The two-tissue clearing systems Sca/e and CUBIC used in this study showed different clearing efficiencies, which further differentiates the systems based on embryonic age, tissue thickness and duration of tissue clearing time. For early stage embryos E9.5-E10.5, the Sca/e system not only rendered the tissue clear but also protected the embryo morphology and preserved the fluorescent signals, while the CUBIC treatment resulted in embryo dissolution. This might be the result of additional aminoalcohols and a higher concentration of Triton X-100 in the CUBIC solutions8. For older hearts, the Sca/e system failed to clear the tissue completely even with a longer incubation time. The CUBIC clearing solution rendered the older tissue clear (Figure 3). However, increased incubation time resulted in weaker signals and only protected endogenous GFP, while RFP, CFP and antibody conjugated signals were lost. For this reason, a more optimized recipe of the clearing reagents and better incubation time would be required to volumetrically image hearts or organs with a greater spectrum of fluorescent labels.

This study demonstrated that one can label, trace, and image single cardiac clones in combination with a whole mount staining of endocardial/endothelial cell marker PECAM of the developing heart. The whole mount staining of PECAM and DAPI in this system not only helps to identify the cell types and cell morphology of the labeled cells inside a heart, but also allows the study of the clonal pattern, migration and behavior during cardiac morphogenesis. In Figure 2A we observed a clone with 8 cells in OFT. Using the number of cell present in this clone with reference to the labeling time, the cell proliferation rate can be easily calculated. In another study using this same system we identified the oriented cell division pattern and migration pattern of single cardiomyocyte during trabeculation process33. The application of this protocol to study the effects of genetic loss of function or gain of function spatiotemporally on the labeled cardiac progenitor cell differentiation, clonal pattern and cellular behavior is feasible, and will help in studies of the etiology of congenital heart defects at genetic and molecular level in a 3D context. In addition, this protocol can be applied to study of morphogenesis in other organ systems.

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The authors declare no competing financial interests.


We thank M.W. laboratory members for scientific discussion. This work is supported by AHA [13SDG16920099] to M.W., and by National Heart, Lung, and Blood Institute grants [R01HL121700] to M.W. Images were captured in the Imaging Core Facility at the Albany Medical College.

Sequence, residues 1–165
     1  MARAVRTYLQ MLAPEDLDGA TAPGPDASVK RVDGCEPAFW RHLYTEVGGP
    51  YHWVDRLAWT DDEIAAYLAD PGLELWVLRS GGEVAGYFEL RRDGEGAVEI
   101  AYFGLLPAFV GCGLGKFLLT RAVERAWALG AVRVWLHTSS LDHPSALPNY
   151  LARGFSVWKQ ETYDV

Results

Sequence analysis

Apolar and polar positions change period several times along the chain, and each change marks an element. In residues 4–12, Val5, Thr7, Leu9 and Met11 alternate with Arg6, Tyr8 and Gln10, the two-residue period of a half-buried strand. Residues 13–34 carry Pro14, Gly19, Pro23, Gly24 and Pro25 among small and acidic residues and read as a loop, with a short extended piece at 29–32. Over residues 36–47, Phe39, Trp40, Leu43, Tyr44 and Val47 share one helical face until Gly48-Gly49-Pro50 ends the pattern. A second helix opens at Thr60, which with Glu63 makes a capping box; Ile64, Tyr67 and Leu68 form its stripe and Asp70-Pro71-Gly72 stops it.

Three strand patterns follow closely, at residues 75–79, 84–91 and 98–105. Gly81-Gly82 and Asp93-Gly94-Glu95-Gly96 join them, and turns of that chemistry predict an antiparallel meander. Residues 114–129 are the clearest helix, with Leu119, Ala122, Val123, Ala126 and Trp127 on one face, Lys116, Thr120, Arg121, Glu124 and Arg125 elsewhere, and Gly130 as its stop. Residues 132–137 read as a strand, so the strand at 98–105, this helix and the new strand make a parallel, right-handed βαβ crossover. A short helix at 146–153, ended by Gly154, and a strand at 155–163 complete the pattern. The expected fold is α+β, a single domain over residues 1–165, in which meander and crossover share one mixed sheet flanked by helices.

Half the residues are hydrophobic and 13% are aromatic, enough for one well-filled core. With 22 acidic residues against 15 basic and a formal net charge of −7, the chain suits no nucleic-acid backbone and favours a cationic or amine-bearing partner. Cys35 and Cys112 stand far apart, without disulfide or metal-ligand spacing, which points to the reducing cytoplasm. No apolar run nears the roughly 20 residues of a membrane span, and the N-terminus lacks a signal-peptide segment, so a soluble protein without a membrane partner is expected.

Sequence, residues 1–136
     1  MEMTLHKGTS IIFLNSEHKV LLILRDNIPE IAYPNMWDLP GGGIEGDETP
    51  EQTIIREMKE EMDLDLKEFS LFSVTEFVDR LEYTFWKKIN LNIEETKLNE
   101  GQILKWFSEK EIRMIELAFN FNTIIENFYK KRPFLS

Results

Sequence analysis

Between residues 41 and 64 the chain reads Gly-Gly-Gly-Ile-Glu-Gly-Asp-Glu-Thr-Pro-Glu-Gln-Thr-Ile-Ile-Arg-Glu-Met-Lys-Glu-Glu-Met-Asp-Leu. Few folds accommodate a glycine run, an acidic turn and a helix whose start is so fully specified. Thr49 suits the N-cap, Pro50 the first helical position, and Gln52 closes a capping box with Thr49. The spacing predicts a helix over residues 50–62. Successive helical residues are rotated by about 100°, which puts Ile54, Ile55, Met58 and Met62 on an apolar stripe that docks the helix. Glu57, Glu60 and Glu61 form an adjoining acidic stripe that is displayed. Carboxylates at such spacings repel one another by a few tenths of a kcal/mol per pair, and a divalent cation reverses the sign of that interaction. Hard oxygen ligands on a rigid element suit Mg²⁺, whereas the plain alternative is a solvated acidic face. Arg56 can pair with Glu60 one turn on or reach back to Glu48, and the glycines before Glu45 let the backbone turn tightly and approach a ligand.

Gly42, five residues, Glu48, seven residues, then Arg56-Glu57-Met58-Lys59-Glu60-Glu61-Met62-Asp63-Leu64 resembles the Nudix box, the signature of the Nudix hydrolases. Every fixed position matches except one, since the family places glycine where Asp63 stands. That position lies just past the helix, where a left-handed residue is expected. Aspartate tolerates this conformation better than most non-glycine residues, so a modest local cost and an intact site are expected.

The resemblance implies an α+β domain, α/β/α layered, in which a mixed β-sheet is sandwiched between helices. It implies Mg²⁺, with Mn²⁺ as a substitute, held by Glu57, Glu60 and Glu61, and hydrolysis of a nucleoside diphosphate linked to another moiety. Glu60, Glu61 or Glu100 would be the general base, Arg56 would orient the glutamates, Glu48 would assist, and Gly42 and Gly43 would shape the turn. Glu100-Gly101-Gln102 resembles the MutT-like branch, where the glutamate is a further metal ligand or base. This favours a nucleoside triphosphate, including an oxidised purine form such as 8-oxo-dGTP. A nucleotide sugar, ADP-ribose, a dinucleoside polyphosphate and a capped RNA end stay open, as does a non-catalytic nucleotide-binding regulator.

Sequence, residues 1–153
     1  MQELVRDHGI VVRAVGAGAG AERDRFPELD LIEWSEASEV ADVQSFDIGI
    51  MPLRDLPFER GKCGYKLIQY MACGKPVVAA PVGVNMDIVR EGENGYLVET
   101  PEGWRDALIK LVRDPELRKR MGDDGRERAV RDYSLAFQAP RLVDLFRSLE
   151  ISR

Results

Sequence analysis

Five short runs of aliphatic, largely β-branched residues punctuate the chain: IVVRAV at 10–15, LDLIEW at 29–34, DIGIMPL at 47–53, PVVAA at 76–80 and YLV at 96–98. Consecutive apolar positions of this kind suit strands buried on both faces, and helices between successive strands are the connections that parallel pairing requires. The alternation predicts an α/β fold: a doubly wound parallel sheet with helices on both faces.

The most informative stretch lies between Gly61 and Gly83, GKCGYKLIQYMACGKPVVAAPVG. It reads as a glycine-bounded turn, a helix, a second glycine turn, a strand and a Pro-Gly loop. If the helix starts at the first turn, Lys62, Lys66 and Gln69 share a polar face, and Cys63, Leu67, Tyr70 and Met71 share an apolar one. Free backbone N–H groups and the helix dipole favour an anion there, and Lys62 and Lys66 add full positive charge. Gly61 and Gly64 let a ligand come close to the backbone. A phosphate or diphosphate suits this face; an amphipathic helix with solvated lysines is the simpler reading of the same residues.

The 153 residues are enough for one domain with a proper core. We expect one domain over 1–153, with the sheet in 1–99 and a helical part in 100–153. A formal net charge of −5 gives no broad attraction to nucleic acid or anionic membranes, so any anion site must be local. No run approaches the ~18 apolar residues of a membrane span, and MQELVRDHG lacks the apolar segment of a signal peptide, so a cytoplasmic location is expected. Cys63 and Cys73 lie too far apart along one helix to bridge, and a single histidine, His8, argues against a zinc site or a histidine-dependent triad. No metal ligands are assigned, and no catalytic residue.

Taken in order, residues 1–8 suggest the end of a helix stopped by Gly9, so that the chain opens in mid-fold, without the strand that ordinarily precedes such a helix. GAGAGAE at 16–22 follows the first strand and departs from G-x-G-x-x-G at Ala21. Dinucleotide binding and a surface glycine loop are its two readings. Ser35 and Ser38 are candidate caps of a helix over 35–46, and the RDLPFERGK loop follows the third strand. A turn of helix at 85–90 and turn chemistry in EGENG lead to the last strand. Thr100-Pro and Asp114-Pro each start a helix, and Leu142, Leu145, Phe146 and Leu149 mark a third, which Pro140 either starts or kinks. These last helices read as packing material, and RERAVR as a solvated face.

Name Company Catalog Number Comments
2,2′,2′’-nitrilotriethanol  Sigma Aldrich 90279
4% Paraformaldehyde in PBS Affymetrix 19943
BSA Fischer Scientific  BP16000
N,N,N’,N’-tetrakis(2-hydroxypropyl) ethylenediamine  Sigma Aldrich 122262
Phosphate Buffer Saline Sigma Aldrich P5368-10PAK
Triton X-100 Sigma Aldrich T8787
Urea Sigma Aldrich U-1250
Sucrose Sigma Aldrich 84097
Glycerol Sigma Aldrich G8773
Tamoxifen Sigma Aldrich T5648
Sunflower seed oil Sigma Aldrich S5007
Tween 20 Sigma Aldrich P1379
PECAM (CD31) BD Pharmingen  550274
Alexa Fluor 647  Invitrogen A-21247
DAPI nuclear stain Sigma Aldrich D9542
37oC Incubator Thermoscientific Fischer Heratherm, Compact Microbiological Incubators
48 well plates Cell Treat 229148
Analytical Balance Metler Toledo PB153-S/FACT
Confocal microscope Zeiss Zeiss 510 confocal microscope
Disecting Microscope Unitron Z850
Fluorescent microscope Zeiss Observer. Z1
Germinator 500 Glass Bead Sterilizer CellPoint Scientific GER-5287-120V
Light Source SCHOTT ACE I
Pair of Scissors Fine Science Tools 14084-08
Petri dish 60 mm x15 mm  TPP Techno Plastic Products AG 93060
Rocker II  Platform Rocker Boekel Scientific 260350
Scintillating tubes Fischer Scientific  03-337-26
Transfer pipette Samco Scientific 202
Tweezers Fine Science Tools 11251-20



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Imaging Cleared Embryonic and Postnatal Hearts at Single-cell Resolution
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Shaikh Qureshi, W. M., Miao, L., Shieh, D., Li, J., Lu, Y., Hu, S., Barroso, M., Mazurkiewicz, J., Wu, M. Imaging Cleared Embryonic and Postnatal Hearts at Single-cell Resolution. J. Vis. Exp. (116), e54303, doi:10.3791/54303 (2016).More

Shaikh Qureshi, W. M., Miao, L., Shieh, D., Li, J., Lu, Y., Hu, S., Barroso, M., Mazurkiewicz, J., Wu, M. Imaging Cleared Embryonic and Postnatal Hearts at Single-cell Resolution. J. Vis. Exp. (116), e54303, doi:10.3791/54303 (2016).